Miette was enveloped in a long brown hooded cloak reaching to her feet, and leaving only her head and hands visible. The women of the lower classes in Provence--the peasantry and workpeople--still wear these ample cloaks, which are called pelisses; it is a fashion which must have lasted for ages. Miette had thrown back her hood on arriving. Living in the open air and born of a hotblooded race, she never wore a cap. Her bare head showed in bold relief against the wall, which the moonlight whitened. She was still a child, no doubt, but a child ripening into womanhood. She had reached that adorable, uncertain hour when the frolicsome girl changes to a young woman. At that stage of life a bud-like delicacy, a hesitancy of contour that is exquisitely charming, distinguishes young girls. The outlines of womanhood appear amidst girlhood's innocent slimness, and woman shoots forth at first all embarrassment, still retaining much of the child, and ever and unconsciously betraying her sex. This period is very unpropitious for some girls, who suddenly shoot up, become ugly, sallow and frail, like plants before their due season. For those, however, who, like Miette, are healthy and live in the open air, it is a time of delightful gracefulness which once passed can never be recalled.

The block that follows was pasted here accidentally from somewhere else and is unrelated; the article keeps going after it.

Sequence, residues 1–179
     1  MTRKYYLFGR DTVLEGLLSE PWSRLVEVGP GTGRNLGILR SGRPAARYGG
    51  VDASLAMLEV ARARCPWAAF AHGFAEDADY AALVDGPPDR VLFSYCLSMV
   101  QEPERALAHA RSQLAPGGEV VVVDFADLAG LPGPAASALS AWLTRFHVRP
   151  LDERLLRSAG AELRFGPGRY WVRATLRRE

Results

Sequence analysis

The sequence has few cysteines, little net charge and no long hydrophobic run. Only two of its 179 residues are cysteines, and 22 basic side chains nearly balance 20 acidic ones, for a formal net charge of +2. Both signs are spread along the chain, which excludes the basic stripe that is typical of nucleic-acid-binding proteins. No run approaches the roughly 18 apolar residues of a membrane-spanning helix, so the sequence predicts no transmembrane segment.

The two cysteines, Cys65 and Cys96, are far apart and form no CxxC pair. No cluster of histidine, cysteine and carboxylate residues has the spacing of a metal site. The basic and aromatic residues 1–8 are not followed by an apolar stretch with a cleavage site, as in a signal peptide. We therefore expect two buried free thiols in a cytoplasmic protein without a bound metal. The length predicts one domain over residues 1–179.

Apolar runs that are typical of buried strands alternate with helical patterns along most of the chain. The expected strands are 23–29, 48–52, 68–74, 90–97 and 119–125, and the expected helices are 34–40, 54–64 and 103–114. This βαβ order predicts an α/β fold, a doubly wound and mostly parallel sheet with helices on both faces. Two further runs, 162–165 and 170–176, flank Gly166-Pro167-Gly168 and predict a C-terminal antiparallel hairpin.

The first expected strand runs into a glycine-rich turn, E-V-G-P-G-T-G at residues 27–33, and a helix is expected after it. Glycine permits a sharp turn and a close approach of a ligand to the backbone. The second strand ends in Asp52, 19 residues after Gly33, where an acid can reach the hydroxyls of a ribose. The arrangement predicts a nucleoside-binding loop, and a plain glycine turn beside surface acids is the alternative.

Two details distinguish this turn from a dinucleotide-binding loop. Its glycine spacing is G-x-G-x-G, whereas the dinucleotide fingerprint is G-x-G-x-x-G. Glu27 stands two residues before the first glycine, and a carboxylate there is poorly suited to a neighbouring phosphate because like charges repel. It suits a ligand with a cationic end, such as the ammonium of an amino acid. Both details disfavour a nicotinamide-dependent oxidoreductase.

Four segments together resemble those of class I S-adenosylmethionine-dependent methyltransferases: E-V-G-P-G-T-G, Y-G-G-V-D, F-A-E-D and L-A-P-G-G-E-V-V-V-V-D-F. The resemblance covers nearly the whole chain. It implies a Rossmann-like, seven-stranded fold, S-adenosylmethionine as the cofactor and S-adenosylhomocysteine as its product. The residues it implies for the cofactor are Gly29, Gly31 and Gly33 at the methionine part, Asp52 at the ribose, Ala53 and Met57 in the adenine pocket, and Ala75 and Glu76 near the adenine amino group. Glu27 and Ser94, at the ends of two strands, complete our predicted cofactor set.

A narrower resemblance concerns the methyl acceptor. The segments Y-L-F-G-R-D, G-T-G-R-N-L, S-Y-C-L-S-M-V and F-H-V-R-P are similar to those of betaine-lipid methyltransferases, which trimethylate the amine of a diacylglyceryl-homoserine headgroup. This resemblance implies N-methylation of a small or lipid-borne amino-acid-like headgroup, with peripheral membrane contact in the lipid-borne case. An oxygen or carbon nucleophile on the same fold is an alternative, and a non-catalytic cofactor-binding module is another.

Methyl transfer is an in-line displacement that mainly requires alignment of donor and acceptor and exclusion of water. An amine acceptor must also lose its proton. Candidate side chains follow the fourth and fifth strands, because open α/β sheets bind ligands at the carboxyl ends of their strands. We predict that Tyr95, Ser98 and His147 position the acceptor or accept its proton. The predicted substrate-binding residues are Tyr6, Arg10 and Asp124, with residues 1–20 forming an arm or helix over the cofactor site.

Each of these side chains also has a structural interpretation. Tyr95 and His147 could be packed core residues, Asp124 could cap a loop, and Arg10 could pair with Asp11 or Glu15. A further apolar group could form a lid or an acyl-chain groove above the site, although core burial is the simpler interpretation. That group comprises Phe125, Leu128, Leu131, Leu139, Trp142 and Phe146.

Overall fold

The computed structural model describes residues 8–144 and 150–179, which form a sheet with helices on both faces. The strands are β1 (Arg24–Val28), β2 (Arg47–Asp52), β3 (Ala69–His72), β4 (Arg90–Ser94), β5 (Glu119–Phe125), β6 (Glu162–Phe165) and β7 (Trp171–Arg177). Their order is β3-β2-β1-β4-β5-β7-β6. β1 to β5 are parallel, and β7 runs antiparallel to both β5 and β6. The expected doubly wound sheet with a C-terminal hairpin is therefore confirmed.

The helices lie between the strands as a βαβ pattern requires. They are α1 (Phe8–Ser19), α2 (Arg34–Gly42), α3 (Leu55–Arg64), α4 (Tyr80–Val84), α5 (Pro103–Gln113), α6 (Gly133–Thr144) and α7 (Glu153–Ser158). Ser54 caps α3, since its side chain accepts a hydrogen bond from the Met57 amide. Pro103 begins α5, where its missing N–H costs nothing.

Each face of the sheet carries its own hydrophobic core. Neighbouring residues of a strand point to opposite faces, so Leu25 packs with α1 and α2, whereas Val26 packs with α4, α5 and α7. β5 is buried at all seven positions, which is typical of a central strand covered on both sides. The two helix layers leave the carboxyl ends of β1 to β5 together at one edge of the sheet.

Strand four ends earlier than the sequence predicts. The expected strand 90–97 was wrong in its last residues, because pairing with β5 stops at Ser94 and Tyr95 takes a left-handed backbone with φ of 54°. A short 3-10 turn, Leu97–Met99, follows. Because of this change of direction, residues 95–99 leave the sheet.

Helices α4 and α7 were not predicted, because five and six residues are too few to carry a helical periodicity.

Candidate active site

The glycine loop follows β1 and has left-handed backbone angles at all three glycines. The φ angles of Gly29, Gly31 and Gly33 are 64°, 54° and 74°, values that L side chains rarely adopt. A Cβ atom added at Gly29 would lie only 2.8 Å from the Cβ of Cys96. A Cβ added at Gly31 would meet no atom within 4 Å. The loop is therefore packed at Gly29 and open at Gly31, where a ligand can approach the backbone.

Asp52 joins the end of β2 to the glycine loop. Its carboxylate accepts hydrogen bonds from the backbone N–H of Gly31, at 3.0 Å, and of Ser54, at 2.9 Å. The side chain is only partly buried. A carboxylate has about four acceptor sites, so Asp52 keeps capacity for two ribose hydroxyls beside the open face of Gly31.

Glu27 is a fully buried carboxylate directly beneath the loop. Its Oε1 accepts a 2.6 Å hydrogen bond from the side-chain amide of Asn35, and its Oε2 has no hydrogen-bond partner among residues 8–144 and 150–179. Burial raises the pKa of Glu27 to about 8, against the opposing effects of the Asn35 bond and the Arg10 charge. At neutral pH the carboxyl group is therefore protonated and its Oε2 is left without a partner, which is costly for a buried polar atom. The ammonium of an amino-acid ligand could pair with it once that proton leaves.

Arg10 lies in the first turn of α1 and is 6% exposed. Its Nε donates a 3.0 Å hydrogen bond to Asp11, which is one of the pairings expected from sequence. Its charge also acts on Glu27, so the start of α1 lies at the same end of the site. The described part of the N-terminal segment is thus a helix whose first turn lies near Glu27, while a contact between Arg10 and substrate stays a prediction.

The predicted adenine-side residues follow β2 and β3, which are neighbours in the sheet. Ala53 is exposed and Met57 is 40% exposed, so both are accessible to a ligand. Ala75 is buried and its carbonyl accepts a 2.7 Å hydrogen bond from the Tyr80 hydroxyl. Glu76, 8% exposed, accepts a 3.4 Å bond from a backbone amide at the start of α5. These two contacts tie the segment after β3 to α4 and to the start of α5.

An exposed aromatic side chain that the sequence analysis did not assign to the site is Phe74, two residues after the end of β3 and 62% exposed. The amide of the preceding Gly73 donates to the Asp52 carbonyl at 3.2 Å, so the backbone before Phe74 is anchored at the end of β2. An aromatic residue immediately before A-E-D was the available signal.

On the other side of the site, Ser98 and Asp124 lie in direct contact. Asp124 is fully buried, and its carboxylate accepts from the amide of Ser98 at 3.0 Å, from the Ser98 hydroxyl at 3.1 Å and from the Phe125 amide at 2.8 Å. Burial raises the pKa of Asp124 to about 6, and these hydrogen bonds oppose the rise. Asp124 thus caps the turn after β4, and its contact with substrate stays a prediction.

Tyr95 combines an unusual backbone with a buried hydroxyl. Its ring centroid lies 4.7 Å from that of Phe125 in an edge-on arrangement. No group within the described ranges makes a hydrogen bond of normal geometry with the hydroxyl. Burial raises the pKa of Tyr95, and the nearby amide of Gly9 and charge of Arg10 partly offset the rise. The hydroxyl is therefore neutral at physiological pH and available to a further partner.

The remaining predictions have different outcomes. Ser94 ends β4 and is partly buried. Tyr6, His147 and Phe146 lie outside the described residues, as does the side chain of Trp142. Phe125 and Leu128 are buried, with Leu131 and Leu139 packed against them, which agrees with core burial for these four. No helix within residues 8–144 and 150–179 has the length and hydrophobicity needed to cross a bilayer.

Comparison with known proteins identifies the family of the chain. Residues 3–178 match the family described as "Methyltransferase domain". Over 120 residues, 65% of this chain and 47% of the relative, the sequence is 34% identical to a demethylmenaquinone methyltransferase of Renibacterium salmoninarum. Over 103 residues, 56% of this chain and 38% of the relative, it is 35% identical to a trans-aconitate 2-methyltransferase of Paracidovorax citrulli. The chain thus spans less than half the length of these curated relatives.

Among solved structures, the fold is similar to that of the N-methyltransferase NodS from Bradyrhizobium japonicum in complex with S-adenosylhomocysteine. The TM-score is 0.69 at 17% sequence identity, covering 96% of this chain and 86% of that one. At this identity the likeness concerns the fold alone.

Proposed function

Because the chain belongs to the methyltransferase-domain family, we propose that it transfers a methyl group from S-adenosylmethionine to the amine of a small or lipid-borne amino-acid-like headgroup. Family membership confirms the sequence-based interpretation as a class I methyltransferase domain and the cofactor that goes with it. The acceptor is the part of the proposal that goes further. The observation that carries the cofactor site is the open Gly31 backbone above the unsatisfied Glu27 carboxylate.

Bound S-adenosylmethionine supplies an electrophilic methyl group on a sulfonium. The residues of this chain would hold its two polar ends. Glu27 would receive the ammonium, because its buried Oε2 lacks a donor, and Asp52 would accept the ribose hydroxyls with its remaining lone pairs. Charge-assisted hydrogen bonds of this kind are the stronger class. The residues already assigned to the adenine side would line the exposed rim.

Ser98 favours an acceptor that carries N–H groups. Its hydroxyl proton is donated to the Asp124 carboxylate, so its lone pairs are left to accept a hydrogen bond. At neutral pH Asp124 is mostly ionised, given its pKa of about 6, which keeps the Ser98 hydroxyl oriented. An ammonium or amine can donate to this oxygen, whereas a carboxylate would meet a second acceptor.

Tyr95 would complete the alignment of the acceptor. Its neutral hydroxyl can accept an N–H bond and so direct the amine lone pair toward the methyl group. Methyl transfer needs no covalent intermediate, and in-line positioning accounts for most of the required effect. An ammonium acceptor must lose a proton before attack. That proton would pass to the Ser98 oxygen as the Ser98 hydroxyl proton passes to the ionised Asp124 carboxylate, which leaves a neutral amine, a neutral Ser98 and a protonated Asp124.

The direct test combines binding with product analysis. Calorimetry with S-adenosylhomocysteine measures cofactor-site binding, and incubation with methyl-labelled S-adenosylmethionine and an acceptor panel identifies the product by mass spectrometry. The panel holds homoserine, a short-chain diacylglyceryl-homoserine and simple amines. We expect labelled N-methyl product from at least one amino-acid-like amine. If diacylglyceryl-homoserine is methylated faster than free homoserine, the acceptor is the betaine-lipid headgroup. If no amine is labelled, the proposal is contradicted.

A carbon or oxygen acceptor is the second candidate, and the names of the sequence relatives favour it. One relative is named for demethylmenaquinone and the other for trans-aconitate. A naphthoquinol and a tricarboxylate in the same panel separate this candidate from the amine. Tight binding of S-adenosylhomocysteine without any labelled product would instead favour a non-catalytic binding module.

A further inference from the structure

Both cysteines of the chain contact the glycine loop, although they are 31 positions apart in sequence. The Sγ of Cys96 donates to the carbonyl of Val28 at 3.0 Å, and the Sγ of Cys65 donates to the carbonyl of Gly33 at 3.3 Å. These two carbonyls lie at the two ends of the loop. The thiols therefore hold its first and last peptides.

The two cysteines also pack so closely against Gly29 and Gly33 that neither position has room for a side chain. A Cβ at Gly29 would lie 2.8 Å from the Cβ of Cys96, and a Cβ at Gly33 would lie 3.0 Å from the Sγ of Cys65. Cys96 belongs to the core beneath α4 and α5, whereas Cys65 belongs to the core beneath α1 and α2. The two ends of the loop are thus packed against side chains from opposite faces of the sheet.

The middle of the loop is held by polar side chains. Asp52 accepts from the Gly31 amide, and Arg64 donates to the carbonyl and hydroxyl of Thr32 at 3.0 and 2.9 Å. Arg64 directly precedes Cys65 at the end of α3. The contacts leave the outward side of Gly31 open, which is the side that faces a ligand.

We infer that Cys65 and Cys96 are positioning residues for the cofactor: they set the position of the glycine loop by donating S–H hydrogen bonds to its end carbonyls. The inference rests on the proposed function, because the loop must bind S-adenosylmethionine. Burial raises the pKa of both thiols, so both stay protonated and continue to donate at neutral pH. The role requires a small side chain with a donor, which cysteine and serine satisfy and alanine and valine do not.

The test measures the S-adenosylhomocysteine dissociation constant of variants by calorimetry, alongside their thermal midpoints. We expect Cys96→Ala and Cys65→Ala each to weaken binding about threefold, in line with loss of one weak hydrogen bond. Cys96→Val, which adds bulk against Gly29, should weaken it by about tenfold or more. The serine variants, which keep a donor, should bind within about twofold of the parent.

Miette was thirteen years of age, and although strong and sturdy did not look any older, so bright and childish was the smile which lit up her countenance. However, she was nearly as tall as Silvere, plump and full of life. Like her lover, she had no common beauty. She would not have been considered ugly, but she might have appeared peculiar to many young exquisites. Her rich black hair rose roughly erect above her forehead, streamed back like a rushing wave, and flowed over her head and neck like an inky sea, tossing and bubbling capriciously. It was very thick and inconvenient to arrange. However, she twisted it as tightly as possible into coils as thick as a child's fist, which she wound together at the back of her head. She had little time to devote to her toilette, but this huge chignon, hastily contrived without the aid of any mirror, was often instinct with vigorous grace. On seeing her thus naturally helmeted with a mass of frizzy hair which hung about her neck and temples like a mane, one could readily understand why she always went bareheaded, heedless alike of rain and frost.